April 7, 2017: Journal of Affective Disorders
https://www.readbyqxmd.com/read/28388483/illusions-of-integration-are-subjectively-impenetrable-phenomenological-experience-of-lag-1-percepts-during-dual-target-rsvp
#6
Luca Simione, Elkan G Akyürek, Valentina Vastola, Antonino Raffone, Howard Bowman
We investigated the relationship between different kinds of target reports in a rapid serial visual presentation task, and their associated perceptual experience. Participants reported the identity of two targets embedded in a stream of stimuli and their associated subjective visibility. In our task, target stimuli could be combined together to form more complex ones, thus allowing participants to report temporally integrated percepts. We found that integrated percepts were associated with high subjective visibility scores, whereas reports in which the order of targets was reversed led to a poorer perceptual experience...
April 4, 2017: Consciousness and Cognition
https://www.readbyqxmd.com/read/28362898/dynamic-modulation-of-illusory-and-physical-target-size-on-separate-and-coordinated-eye-and-hand-movements
#7
Christine M Gamble, Joo-Hyun Song
In everyday behavior, two of the most common visually guided actions-eye and hand movements-can be performed independently, but are often synergistically coupled. In this study, we examine whether the same visual representation is used for different stages of saccades and pointing, namely movement preparation and execution, and whether this usage is consistent between independent and naturalistic coordinated eye and hand movements. To address these questions, we used the Ponzo illusion to dissociate the perceived and physical sizes of visual targets and measured the effects on movement preparation and execution for independent and coordinated saccades and pointing...
March 1, 2017: Journal of Vision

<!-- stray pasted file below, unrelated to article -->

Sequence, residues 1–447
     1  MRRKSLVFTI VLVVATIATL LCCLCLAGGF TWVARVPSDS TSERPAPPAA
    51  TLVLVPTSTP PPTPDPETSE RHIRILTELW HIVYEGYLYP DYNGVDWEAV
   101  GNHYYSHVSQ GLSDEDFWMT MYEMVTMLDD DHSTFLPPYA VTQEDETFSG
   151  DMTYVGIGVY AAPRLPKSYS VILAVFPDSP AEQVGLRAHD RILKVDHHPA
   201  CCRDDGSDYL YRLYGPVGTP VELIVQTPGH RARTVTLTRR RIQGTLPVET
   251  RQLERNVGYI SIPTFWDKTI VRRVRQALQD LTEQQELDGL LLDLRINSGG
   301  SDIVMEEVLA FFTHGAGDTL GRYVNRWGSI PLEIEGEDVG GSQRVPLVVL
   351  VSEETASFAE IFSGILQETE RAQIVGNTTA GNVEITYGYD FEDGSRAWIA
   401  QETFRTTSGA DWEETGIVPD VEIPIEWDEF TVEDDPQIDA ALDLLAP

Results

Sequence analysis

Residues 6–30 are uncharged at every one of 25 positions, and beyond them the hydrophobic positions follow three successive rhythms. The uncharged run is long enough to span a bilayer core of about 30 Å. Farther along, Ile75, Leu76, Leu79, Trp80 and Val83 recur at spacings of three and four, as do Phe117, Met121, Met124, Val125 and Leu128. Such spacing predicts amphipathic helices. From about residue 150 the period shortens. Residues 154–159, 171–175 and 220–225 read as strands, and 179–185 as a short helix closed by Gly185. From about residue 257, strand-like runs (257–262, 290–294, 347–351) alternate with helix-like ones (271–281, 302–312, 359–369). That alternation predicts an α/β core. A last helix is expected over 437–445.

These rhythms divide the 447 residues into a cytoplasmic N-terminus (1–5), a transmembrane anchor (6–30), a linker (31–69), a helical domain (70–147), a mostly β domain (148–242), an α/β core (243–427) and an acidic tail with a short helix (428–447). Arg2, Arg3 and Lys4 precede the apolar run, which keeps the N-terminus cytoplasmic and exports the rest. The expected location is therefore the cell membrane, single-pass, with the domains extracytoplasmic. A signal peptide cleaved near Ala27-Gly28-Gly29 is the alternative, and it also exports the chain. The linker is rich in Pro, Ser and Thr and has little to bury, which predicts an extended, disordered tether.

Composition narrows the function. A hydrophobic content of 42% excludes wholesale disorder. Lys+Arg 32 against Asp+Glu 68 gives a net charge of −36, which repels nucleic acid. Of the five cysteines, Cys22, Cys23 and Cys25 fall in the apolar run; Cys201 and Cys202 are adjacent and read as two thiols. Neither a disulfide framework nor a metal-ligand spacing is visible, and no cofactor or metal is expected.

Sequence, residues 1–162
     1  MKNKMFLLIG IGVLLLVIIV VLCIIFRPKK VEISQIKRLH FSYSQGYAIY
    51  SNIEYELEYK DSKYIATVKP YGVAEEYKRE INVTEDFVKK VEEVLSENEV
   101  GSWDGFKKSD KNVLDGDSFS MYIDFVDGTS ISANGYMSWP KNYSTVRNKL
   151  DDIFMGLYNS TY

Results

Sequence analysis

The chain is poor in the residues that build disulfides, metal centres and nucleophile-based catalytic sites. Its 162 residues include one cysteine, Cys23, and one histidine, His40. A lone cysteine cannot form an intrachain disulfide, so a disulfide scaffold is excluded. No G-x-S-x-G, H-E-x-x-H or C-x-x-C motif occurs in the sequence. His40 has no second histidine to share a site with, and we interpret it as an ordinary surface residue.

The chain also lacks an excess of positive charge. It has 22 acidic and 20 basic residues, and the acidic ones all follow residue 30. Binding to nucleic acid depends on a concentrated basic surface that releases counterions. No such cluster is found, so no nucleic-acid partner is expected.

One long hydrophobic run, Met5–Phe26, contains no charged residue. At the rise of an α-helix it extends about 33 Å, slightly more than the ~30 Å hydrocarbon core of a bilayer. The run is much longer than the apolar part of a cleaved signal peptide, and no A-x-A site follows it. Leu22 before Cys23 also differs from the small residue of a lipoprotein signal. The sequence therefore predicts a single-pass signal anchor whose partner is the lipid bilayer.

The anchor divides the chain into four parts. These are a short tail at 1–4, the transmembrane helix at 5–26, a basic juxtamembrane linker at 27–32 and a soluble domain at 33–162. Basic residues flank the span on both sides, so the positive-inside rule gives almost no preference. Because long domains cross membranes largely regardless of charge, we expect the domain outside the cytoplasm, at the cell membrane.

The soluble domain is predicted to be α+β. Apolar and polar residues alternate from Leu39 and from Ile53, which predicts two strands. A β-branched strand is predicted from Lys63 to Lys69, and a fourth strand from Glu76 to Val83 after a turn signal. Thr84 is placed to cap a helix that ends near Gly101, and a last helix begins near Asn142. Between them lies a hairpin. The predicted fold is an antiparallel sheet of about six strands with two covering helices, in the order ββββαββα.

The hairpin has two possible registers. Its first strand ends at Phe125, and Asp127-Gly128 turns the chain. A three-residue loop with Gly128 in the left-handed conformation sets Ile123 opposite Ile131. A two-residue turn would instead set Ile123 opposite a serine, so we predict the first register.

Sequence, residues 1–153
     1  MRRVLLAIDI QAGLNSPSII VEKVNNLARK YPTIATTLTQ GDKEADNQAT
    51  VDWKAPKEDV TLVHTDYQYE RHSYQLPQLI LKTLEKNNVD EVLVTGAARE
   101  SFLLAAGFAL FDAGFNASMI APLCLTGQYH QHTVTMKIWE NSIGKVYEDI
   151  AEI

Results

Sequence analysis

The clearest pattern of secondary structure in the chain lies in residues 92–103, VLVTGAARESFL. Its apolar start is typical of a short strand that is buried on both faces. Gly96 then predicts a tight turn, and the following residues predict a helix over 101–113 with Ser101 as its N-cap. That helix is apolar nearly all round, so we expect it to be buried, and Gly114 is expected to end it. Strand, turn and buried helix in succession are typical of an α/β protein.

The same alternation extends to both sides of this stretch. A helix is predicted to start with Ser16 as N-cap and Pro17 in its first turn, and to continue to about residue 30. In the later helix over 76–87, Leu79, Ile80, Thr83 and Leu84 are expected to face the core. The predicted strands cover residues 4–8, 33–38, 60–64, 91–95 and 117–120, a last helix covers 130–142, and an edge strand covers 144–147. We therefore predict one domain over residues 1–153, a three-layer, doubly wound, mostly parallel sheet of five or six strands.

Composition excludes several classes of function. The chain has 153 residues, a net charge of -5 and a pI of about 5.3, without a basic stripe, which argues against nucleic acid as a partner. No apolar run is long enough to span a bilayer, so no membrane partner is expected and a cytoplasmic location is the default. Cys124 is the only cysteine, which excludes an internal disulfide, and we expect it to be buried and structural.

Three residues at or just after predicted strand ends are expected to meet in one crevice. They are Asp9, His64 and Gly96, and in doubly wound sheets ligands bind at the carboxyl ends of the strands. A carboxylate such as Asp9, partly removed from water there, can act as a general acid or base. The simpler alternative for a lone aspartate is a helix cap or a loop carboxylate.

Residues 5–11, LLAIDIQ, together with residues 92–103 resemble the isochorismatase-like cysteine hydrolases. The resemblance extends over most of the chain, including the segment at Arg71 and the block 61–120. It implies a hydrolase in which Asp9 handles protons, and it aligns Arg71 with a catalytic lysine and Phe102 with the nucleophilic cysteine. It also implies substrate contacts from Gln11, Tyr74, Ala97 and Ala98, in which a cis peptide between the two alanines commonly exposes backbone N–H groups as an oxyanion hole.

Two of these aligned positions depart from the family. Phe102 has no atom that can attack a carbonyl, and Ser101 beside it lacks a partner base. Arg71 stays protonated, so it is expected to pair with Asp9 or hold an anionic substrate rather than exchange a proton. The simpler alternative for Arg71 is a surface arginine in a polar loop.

https://www.readbyqxmd.com/read/28345944/enhanced-integration-of-multisensory-body-information-by-proximity-to-habitual-action-space
#8
Harriet Dempsey-Jones, Ada Kritikos
Previous research suggests integration of visual and somatosensory inputs is enhanced within reaching (peripersonal) space. In such experiments, somatosensory inputs are presented on the body while visual inputs are moved relatively closer to, or further from the body. It is unclear, therefore, whether enhanced integration in "peripersonal space" is truly due to proximity of visual inputs to the body space, or, simply the distance between the inputs (which also affects integration). Using a modified induction of the rubber hand illusion, here we measured proprioceptive drift as an index of visuosomatosensory integration when distance between the two inputs was constrained, and absolute distance from the body was varied...
April 2017: Journal of Experimental Psychology. Human Perception and Performance
https://www.readbyqxmd.com/read/28344759/susceptibility-to-ebbinghaus-and-m%C3%A3-ller-lyer-illusions-in-autistic-children-a-comparison-of-three-different-methods
#9
COMPARATIVE STUDY
Catherine Manning, Michael J Morgan, Craig T W Allen, Elizabeth Pellicano
BACKGROUND: Studies reporting altered susceptibility to visual illusions in autistic individuals compared to that typically developing individuals have been taken to reflect differences in perception (e.g. reduced global processing), but could instead reflect differences in higher-level decision-making strategies. METHODS: We measured susceptibility to two contextual illusions (Ebbinghaus, Müller-Lyer) in autistic children aged 6-14 years and typically developing children matched in age and non-verbal ability using three methods...
2017: Molecular Autism
https://www.readbyqxmd.com/read/28344566/the-onset-time-of-the-ownership-sensation-in-the-moving-rubber-hand-illusion
#10
Andreas Kalckert, H H Ehrsson